Oct. 24, 2007 Experts don't dispute the important role that diet and activity play in maintaining a healthy weight. But can poor eating habits and a less active lifestyle fully explain the prevalence of obesity in the United States today? That question has led some researchers to ask whether there might be other causes for this serious problem.
Researcher Richard Atkinson, M.D., asserts that there is a growing body of evidence demonstrating that viruses may play a role in causing obesity in humans.
"The cause of obesity is not a secret -- if you consume more calories than you burn in daily activity, you gain weight. What is interesting is that much of the obesity epidemic cannot be explained just by Americans eating more and exercising less. There are other factors at play, and viruses causing obesity may be one of them," say Dr. Atkinson.
Dr. Atkinson, director of Obetech Obesity Research Center in Richmond, Va., reviewed multiple published articles that demonstrate a connection between viral infections and obesity. His article in Mayo Clinic Proceedings* discusses five animal viruses and three human viruses that have been shown to cause obesity in laboratory studies.
According to Dr. Atkinson, several studies offer ample evidence that animals infected with certain human viruses experience excess weight gain and fat storage. When researchers infected animal subjects with a human virus known as Human Ad-36, they reported measurable increases in the infected animals' body fat and the visceral fat that surrounds the organs deep within the belly. In addition, studies also demonstrated that infection with Ad-36 and the resulting weight gain could be transmitted from infected animals to uninfected animals.
Information on virus-induced obesity in human subjects is much more limited. Citing his own study conducted in 2005, Dr. Atkinson also showed a connection between obesity and exposure to the Ad-36 virus in humans. Dr. Atkinson's study screened for antibodies to Ad-36 (a sign of exposure to this virus) in 502 people of varying body weights, both obese and non-obese, from three cities in the United States. Ad-36 antibodies were found in 30 percent of obese individuals and 11 percent of lean individuals. Study results also showed highly significant differences in body mass index (BMI) between antibody-positive and antibody-negative individuals.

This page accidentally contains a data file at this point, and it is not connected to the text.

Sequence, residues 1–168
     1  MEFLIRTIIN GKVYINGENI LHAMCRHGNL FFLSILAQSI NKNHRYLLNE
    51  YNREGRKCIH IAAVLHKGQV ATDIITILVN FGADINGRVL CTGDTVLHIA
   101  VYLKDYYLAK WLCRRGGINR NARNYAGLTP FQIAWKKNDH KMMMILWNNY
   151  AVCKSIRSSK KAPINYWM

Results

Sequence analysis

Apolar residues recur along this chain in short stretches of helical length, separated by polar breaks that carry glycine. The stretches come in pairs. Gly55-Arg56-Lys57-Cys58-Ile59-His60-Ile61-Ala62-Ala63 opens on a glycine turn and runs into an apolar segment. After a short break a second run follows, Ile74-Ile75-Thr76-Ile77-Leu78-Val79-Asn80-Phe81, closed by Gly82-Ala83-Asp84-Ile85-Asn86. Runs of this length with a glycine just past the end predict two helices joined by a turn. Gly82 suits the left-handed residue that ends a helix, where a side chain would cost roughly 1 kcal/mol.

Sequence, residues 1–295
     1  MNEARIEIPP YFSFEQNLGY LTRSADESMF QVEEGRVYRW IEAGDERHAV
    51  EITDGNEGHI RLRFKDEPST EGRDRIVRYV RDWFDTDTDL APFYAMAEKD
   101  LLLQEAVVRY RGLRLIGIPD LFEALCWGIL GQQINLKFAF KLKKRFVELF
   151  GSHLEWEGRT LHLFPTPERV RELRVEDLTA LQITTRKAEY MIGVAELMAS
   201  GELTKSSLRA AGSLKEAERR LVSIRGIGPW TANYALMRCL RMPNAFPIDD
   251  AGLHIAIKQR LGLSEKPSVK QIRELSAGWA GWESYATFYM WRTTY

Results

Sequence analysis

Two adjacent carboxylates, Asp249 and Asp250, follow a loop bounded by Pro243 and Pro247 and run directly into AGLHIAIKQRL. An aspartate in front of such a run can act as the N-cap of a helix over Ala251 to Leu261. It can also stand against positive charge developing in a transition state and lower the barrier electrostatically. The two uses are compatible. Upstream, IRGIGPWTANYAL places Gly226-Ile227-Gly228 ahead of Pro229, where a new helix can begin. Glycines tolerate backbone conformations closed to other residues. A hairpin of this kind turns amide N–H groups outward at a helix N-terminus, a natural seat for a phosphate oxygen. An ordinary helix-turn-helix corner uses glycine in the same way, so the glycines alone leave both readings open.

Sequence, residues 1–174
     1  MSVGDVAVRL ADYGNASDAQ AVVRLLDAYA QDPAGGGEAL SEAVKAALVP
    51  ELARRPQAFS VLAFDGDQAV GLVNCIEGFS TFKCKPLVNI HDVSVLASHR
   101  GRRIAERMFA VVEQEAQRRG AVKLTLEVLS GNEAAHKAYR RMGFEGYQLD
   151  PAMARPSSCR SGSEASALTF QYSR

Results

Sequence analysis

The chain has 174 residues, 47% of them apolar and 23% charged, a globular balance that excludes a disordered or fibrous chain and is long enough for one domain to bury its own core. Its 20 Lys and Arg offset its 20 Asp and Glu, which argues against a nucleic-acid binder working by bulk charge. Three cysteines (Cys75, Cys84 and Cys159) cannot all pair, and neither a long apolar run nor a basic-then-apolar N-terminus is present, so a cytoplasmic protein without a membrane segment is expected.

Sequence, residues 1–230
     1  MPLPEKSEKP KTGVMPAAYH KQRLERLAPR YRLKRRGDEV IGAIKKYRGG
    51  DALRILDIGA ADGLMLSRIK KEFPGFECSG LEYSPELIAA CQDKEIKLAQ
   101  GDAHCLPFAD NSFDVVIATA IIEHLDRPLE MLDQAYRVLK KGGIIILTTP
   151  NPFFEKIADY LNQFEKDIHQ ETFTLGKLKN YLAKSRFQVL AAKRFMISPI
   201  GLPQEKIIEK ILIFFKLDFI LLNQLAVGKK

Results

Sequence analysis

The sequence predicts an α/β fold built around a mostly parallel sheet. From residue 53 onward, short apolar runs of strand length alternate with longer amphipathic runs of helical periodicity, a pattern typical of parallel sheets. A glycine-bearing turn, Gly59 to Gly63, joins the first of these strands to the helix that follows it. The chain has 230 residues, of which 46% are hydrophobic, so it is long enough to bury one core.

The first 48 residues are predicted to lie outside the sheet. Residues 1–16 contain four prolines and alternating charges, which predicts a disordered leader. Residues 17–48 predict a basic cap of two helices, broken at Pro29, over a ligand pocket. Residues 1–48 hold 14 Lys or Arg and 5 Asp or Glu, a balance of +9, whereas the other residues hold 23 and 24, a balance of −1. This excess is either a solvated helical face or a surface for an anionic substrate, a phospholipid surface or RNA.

Dr. Atkinson also highlighted a study that looked at 89 sets of American adult twins and screened them for Ad-36. Because twins tend to be similar in many characteristics, including body weight, the researchers looked at twin pairs where one twin tested positively for Ad-36 and the other did not.
"Antibody-positive twins were slightly, but significantly, heavier and fatter than their antibody negative co-twins," says Dr. Atkinson. "The infected twins had a higher BMI and a greater percent of body fat than the uninfected co-twins."
In the mid-1970s, a virus called SMAM-1 was believed responsible for an increased death rate among commercially raised chickens in India. SMAM-1 is associated with decreased immune function and an increased accumulation of body fat in infected chickens. Dr. Atkinson reports that one study tested 52 obese humans for antibodies to SMAM-1. About 20 percent had SMAM-1 antibodies, indicating exposure to this virus. The study participants who had these antibodies were heavier and had a higher body mass index compared with the antibody-negative group.
Dr. Atkinson's article also explores what current research has to say about the possible mechanisms underlying virus-induced obesity. Some research suggests that viral infections have a direct effect on adipocytes, cells that manufacture and store fat, turning on the enzymes of fat accumulation and recruitment of new adipocytes.
What's the next step for this research? According to Dr. Atkinson, "the body of evidence linking adenoviruses to obesity in humans is now sufficient to think about the next step. Ideally, we could prevent infection and virus-induced obesity with a vaccine for the obesity viruses. Development of a human vaccine will take several years."
*This work is published in the October issue of Mayo Clinic Proceedings.
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